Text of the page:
The length of the thin wire coil in each transformer should be approximately one quarter of the wave length of the electric disturbance in the circuit, this estimate being based on the velocity of propagation of the disturbance through the coil itself and the circuit with which it is designed to be used. By way of illustration, if the rate at which the current flows through the circuit containing the coil is 185,000 miles per second, then a frequency of 925 Hz would maintain 925 stationary nodes in a circuit 185,000 miles long and each wave would be 200 miles in length.

For such a low frequency, which would only be resorted to when it is indispensable for the operation of ordinary motors, I would use a secondary winding wound from a wire 50 miles in length. By adjusting the length of wire in the secondary winding, the points of highest voltage are made to coincide with the elevated terminals D and D', and it should be understood that whatever wire length is chosen, this length requirement should be complied with in order to get the best possible results.

It will be readily understood that when these relationships exist, the best conditions for resonance between the transmitting and receiving circuits are attained and owing to the fact that the points of highest voltage in the coils A and A' are coincident with the elevated terminals, the maximum current flow will take place in the two coils and this implies that the capacitance and inductance in each of the circuits have the values which produce the most perfect synchronism with the oscillations.

When the source of current G is in operation and produces rapidly pulsating or oscillating currents in the circuit of coil C, corresponding induced currents of very much higher voltage are generated in the secondary coil A, and since the voltage in that coil gradually increases with the number of turns towards the centre, and the voltage difference between adjacent turns is comparatively small, a very high voltage is generated, which would not be possible with ordinary coils.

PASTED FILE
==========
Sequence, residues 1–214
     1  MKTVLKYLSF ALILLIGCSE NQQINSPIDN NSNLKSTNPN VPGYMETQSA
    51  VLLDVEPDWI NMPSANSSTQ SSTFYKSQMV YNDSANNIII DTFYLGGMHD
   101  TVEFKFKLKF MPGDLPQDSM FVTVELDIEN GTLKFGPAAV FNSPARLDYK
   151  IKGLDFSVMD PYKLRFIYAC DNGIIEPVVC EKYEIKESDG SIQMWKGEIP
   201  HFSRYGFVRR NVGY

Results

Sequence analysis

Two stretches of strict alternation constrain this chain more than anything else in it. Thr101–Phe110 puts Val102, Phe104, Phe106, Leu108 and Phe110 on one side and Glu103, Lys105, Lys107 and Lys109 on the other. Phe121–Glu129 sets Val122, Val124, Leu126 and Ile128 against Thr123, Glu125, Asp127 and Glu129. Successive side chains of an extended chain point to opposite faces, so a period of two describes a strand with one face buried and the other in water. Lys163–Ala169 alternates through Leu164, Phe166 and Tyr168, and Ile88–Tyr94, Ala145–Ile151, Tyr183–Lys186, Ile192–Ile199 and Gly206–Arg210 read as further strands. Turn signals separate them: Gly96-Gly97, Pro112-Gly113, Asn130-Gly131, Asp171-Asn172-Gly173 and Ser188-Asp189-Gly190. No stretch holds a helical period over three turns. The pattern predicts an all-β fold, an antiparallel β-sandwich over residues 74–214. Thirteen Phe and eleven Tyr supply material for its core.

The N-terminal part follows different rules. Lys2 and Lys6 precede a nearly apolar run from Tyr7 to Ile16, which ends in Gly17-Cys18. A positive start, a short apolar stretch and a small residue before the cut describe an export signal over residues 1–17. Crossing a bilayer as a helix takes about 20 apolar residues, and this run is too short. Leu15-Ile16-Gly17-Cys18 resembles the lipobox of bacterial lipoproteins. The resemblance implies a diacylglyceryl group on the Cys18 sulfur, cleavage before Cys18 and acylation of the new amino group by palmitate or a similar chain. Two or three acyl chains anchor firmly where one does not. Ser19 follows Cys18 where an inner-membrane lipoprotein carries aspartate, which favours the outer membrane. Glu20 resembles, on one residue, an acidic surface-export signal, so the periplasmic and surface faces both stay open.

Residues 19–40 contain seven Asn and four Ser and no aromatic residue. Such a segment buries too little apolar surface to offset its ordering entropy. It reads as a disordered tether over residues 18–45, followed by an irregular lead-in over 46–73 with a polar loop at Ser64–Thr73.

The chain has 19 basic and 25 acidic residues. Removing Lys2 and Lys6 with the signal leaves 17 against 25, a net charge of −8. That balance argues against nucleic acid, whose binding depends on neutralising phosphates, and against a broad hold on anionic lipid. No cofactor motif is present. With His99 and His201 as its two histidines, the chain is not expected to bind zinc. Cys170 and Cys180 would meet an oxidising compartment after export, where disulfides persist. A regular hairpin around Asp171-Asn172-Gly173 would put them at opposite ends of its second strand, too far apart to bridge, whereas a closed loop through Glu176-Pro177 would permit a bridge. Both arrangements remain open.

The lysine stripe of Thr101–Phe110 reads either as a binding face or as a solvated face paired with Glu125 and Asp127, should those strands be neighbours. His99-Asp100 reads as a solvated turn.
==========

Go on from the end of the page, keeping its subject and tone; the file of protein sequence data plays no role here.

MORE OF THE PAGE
As the main objective is to produce a current with excessively high voltage, this objective is facilitated by using a current in the primary winding which has a very considerable frequency, but that frequency is in a large measure, arbitrary, because if the voltage is sufficiently high and the terminals of the coils be kept at the proper height where the atmosphere is rarefied, the stratum of air will serve as a conducting medium with even less resistance then through an ordinary conductor.

As to the elevation of terminals D and D', it is obvious that this is a matter which will be determined by a number of things, such as the amount and the quality of the work to be performed, the condition of the atmosphere and the character of the surrounding countryside. Thus, if there are high mountains in the vicinity, then the terminals should be at a greater height, and generally, they should be at an altitude much greater than that of the highest objects near them. Since, by the means described, practically any voltage which is desired may be produced, the currents through the air strata may be very small, thus reducing the loss in the air.

The apparatus at the receiving station responds to the currents propagated by the transmitter in a manner which will be well understood from the description above. The primary circuit of the receiver - that is, the thin wire coil A' - is excited by the currents propagated by conduction through the intervening natural medium between it and the transmitter, and these currents induce in the secondary coil C', other currents which are used to operate the devices connected to that circuit.

Obviously, the receiving coils, transformers, or other apparatus may be moveable - as for instance, when they are carried by a vessel floating in the air or by a ship at sea. In the former case, the connection of one terminal of the receiving apparatus to the ground might not be permanent, but might be intermittently or inductively established.

It should be noted that Tesla's suggestion of using the conductive envelope of a specially constructed balloon as a good method of increasing the active area of the elevated receiving plate, is one that was taken up by Hermann Plauston when he was building power stations operating on naturally occurring energy.
For more on Nikola Tesla see http://newilluminati.blog-city.com/index.cfm?search=tesla

 
For further enlightenment see –

The Her(m)etic Hermit - http://hermetic.blog.com